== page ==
Friday, November 8, 2013

Intro to Translation Studies: Part 1

When it comes to languages, there is an activity which can appear incredibly simple and horrifyingly complex at the same time. This bipolar activity is translation. As part of a new series on The Lingua File, we'll be running a crash course on the "science" behind translation. We're not claiming to be experts on the subject, rather we're looking to inform all you language lovers out there that there is more to translation than making "language A" into "language B".

As you know, there are many languages in the world, and there have been for a very long time. Throughout history, peoples of different cultures, races, and languages tended to kill each other long before trying to communicate with one another, but when they actually did communicate, there was an inherent need for translation.

A marble bust of Cicero around age 60.
The act of translation was rarely studied prior to modern-day history, though translation scholars will often point to the second century BCE with Roman philosopher and jack of all trades Cicero. For the purpose of translation studies, not much is needed to be known about Cicero, other than that he was one of the first notable figures to openly think about the translation process whilst translating Greek philosophical theory into Latin. Cicero obviously knew both Greek and Latin, and he is known to have stated that the act of translation improved his speaking skills in both languages.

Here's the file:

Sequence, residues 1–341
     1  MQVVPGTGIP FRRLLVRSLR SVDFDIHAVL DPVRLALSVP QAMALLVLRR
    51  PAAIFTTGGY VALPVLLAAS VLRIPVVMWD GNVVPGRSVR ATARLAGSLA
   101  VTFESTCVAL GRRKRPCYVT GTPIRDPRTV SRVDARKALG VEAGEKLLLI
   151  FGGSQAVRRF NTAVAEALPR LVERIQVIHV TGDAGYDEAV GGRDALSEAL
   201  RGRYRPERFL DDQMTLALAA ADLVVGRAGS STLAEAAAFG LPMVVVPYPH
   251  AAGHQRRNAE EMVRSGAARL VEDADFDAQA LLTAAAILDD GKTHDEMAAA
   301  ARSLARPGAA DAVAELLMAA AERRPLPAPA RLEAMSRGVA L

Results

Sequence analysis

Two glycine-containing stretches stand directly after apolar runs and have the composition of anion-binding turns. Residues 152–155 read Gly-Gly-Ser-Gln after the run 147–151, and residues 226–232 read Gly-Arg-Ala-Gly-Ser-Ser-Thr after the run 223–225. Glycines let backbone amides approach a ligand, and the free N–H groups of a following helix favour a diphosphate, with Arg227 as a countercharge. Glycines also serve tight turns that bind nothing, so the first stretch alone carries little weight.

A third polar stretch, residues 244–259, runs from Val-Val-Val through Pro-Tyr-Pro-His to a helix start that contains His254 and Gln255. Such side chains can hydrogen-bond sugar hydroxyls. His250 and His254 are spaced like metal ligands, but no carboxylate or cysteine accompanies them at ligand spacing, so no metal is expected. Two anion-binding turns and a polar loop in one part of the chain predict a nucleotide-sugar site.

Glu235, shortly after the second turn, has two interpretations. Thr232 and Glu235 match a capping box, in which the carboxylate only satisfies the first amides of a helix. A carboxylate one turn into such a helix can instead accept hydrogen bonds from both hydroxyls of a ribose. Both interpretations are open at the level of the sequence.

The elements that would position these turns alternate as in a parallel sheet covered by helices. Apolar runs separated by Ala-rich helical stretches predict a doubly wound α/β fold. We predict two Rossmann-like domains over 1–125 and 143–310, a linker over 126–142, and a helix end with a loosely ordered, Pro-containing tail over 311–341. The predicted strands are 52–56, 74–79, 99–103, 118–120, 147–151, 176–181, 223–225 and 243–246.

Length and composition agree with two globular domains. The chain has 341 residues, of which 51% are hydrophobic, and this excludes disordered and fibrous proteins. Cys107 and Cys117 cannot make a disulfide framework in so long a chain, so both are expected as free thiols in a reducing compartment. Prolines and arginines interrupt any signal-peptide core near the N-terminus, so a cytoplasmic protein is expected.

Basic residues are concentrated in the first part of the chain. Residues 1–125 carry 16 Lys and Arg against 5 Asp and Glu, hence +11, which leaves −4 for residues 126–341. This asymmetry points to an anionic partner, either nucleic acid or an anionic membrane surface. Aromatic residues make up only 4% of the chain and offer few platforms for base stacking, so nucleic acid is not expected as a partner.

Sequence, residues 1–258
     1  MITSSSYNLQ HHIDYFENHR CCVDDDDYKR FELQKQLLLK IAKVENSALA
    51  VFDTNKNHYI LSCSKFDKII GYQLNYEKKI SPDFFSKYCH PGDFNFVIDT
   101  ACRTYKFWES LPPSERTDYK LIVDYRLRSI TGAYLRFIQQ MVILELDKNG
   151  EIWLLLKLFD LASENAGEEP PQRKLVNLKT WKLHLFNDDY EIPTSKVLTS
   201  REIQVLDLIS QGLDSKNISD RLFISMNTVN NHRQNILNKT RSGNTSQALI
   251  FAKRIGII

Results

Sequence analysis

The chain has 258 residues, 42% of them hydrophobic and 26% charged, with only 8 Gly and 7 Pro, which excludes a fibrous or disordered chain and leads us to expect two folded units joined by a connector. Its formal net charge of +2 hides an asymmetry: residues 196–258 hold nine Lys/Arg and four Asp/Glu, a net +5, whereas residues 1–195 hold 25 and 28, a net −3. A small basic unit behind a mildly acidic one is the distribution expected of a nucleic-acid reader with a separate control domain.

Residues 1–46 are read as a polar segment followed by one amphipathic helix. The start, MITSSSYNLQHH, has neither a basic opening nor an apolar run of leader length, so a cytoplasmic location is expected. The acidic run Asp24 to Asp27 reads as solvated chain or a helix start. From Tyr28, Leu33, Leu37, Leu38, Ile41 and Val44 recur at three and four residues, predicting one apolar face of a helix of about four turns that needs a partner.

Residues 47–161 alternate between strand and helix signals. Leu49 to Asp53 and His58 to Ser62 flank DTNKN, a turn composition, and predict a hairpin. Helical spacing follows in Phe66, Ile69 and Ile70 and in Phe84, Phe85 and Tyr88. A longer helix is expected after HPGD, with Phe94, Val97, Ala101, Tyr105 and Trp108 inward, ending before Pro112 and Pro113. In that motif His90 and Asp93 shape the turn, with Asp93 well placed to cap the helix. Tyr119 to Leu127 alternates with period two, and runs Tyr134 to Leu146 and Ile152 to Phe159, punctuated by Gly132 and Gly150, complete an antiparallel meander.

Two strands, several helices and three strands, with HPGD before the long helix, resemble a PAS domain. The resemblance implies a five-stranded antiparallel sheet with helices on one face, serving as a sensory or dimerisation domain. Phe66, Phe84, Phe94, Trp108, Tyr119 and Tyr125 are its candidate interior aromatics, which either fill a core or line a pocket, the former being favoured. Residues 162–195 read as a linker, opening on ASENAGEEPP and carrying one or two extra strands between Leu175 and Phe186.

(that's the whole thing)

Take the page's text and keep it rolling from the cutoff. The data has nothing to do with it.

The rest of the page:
The sparse history of translation studies doesn't end there, though it certainly is lacking in events. It would be another 500 years before any notable figures would grace the translation studies scene, at least in Western translation studies history. The patron saint of translation is St. Jerome, whose day is honoured as International Translation Day for translators or the more secular-minded. For more information, you can see how we "loosely" covered the history of St. Jerome last year.

We'll be back on Monday continuing our first steps into the fascinating field of translation studies.

Part 1 | Part 2

No comments:

Post a Comment